In the very disagreeable situation in point of pecuniary circumstances to which I was reduced, as before stated, I applied to Congress in September 1780 for relief. That Body Resolved, “that it was inexpedient to grant me relief. Some of the Members, sensible that my Loss and subsequent distress were owing to the delay that was used in paying the Draft, deemed that Resolution very injurious to me; but observed that in the present state of things it could not be avoided; for were Congress to make up the depreciation to me, they would soon be crowded with Applications from people whose Cases, though seemingly similar with mine, were nevertheless very different. It was said, that if I would mention any considerable service which I had done the Cause, and so discriminate my Case from those of other people, Congress could, on such ground, indemnify me without giving umbrage to any One. I could have replied, & called General Washington to witness the Truth, that at that moment and for a long time before, he had Agents & Spies in the Enemies Lines, who were continually conveying useful intelligence to him by means furnished by myself, and which no other person could supply him with; and that intelligence could not be obtained from the British Lines in any other way with equal facility, safety, and expedition. Such a communication would have answered my purpose, but would have destroyed the future utility of the invention. I could also have availed myself of the Naval improvements before mentioned to surmount my distresses, by engaging a Merchant or two to equip a private Ship of war on that plan, but as such a step would have disclosed those improvements to the Enemy, who might employ them against our Allies and thus injure ourselves, I declined to recur to so dangerous an Expedient.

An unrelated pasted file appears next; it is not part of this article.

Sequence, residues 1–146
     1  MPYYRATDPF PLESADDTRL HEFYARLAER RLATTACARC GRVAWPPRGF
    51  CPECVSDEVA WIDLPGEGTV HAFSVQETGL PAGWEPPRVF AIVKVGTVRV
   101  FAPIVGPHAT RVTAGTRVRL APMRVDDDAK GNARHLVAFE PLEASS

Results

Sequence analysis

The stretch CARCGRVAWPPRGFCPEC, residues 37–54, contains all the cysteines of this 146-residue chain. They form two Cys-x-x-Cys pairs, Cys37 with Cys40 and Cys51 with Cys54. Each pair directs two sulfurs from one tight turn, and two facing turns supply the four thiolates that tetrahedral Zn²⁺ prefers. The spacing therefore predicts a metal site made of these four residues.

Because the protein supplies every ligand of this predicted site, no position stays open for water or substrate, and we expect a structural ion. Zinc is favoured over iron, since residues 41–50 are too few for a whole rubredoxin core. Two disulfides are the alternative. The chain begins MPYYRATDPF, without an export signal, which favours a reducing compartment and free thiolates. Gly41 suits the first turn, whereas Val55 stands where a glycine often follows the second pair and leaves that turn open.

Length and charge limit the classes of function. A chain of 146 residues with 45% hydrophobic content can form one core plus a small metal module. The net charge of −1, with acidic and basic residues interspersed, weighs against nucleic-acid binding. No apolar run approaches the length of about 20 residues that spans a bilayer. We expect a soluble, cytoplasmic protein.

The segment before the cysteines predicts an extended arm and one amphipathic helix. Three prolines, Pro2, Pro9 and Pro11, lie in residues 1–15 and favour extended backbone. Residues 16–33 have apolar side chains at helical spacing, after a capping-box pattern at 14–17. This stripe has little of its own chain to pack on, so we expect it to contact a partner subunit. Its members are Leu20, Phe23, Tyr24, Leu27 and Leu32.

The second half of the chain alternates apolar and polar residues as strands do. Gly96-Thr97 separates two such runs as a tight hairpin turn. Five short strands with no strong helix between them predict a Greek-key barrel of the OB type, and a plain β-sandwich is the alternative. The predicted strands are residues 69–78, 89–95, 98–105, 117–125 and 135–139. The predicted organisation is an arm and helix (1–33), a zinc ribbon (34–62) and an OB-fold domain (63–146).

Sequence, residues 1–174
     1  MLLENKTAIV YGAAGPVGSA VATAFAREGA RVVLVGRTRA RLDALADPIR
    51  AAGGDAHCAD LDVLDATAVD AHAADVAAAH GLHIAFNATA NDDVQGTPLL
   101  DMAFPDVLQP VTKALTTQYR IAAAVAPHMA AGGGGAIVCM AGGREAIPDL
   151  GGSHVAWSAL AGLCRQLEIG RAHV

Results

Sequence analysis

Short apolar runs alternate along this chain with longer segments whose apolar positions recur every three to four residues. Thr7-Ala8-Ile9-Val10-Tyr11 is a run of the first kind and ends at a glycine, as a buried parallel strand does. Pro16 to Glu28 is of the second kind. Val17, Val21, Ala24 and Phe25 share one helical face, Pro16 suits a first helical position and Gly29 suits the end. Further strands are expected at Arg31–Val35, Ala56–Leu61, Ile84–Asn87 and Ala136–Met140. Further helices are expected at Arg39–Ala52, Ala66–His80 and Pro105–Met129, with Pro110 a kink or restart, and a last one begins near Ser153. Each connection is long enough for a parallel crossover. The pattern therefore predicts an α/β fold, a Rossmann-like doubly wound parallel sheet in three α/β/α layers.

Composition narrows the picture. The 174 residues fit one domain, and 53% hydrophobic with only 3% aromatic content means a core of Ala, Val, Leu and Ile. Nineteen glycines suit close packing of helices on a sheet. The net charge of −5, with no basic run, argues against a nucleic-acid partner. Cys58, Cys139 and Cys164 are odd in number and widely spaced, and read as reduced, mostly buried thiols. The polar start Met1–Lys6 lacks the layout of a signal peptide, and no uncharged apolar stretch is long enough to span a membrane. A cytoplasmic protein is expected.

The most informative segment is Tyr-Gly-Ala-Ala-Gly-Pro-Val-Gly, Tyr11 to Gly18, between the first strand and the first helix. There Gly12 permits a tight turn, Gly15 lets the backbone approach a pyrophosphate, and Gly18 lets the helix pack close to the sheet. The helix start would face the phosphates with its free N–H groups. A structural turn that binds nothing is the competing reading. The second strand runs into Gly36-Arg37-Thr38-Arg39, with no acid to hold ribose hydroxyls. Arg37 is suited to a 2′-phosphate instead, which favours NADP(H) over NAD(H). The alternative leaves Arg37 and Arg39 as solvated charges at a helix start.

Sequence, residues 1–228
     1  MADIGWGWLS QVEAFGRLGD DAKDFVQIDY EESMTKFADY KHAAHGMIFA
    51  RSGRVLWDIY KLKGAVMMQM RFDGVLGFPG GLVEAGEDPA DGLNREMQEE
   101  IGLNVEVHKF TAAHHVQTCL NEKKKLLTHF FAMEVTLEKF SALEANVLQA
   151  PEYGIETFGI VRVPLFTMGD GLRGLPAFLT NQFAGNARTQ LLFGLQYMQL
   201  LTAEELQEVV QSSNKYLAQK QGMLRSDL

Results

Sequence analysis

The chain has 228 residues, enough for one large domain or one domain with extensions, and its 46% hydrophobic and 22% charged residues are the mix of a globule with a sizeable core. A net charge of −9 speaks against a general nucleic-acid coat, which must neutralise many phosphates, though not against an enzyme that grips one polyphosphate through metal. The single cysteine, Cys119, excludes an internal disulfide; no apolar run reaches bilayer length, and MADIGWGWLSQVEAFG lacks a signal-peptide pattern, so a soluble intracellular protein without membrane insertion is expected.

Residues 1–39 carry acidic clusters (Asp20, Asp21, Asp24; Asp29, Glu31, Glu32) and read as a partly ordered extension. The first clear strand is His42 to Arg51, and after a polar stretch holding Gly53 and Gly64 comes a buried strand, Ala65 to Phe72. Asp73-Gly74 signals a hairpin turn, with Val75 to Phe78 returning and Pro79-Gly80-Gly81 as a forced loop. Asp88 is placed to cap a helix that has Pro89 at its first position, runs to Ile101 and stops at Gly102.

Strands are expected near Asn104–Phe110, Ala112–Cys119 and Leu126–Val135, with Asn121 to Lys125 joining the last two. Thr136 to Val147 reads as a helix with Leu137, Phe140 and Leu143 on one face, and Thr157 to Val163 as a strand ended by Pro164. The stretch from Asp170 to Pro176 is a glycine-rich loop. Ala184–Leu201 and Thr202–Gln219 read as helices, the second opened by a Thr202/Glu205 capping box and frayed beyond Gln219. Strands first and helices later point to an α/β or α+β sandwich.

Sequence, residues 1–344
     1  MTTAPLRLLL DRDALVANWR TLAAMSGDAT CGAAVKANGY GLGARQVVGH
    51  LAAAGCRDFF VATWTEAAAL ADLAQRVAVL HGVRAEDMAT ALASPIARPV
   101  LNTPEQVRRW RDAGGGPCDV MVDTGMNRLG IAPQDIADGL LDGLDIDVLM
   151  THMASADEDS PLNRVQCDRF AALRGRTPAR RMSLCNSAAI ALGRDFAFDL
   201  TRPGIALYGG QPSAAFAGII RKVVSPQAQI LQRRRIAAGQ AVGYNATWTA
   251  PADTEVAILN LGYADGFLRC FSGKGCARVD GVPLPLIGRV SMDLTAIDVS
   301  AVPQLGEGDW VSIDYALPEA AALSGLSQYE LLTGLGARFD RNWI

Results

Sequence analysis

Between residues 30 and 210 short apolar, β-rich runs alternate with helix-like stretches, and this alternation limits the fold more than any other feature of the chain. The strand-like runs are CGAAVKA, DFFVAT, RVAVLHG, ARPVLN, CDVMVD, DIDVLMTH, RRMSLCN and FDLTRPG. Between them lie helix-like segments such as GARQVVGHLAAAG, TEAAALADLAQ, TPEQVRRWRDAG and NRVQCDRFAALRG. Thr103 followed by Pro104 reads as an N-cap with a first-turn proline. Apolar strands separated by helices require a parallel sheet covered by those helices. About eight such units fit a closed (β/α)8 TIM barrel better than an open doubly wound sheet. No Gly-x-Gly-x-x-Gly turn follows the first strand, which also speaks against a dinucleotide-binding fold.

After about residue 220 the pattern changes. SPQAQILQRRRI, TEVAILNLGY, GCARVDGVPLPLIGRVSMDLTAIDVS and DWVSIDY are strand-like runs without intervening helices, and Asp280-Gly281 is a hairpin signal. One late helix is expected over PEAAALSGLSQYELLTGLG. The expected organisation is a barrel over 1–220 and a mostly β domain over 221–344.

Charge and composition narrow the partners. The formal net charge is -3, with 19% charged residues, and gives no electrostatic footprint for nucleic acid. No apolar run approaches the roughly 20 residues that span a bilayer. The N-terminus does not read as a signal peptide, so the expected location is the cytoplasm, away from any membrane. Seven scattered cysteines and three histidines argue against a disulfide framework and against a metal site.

I now Sir propose to appeal to the honour and equity of my Country. The situation of my Affairs would not permit me to make the application at an earlier period: nor will my circumstances allow me to dispense with it. Were a Calculation to be made only of the real value I received for the 20,000 dollars advanced for public use, and of the interest that has accrued on the Residue to this time, it will, I believe, appear that, exclusive of any gratification for Services rendered, there are due to me about 20,000 dollars. I have the honour to be, with the utmost respect,

Sir Your Very humble Servt:

James Jay

DLC: Papers of Thomas Jefferson.